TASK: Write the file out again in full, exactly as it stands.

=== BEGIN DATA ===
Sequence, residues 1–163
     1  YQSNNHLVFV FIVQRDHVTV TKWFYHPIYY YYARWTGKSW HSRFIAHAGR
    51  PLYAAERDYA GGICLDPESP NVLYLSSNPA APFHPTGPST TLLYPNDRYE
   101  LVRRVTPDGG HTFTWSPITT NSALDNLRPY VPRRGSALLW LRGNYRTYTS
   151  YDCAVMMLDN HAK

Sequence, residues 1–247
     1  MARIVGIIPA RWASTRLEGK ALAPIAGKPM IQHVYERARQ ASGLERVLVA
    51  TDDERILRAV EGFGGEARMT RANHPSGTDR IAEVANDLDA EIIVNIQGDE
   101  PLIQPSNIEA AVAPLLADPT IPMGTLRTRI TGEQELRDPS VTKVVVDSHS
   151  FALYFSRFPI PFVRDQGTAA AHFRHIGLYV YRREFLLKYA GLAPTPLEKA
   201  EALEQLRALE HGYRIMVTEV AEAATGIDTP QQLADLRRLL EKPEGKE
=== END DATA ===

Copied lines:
Sequence, residues 1–163
     1  YQSNNHLVFV FIVQRDHVTV TKWFYHPIYY YYARWTGKSW HSRFIAHAGR
    51  PLYAAERDYA GGICLDPESP NVLYLSSNPA APFHPTGPST TLLYPNDRYE
   101  LVRRVTPDGG HTFTWSPITT NSALDNLRPY VPRRGSALLW LRGNYRTYTS
   151  YDCAVMMLDN HAK

Sequence, residues 1–247
     1  MARIVGIIPA RWASTRLEGK ALAPIAGKPM IQHVYERARQ ASGLERVLVA
    51  TDDERILRAV EGFGGEARMT RANHPSGTDR IAEVANDLDA EIIVNIQGDE
   101  PLIQPSNIEA AVAPLLADPT IPMGTLRTRI TGEQELRDPS VTKVVVDSHS
   151  FALYFSRFPI PFVRDQGTAA AHFRHIGLYV YRREFLLKYA GLAPTPLEKA
   201  EALEQLRALE HGYRIMVTEV AEAATGIDTP QQLADLRRLL EKPEGKE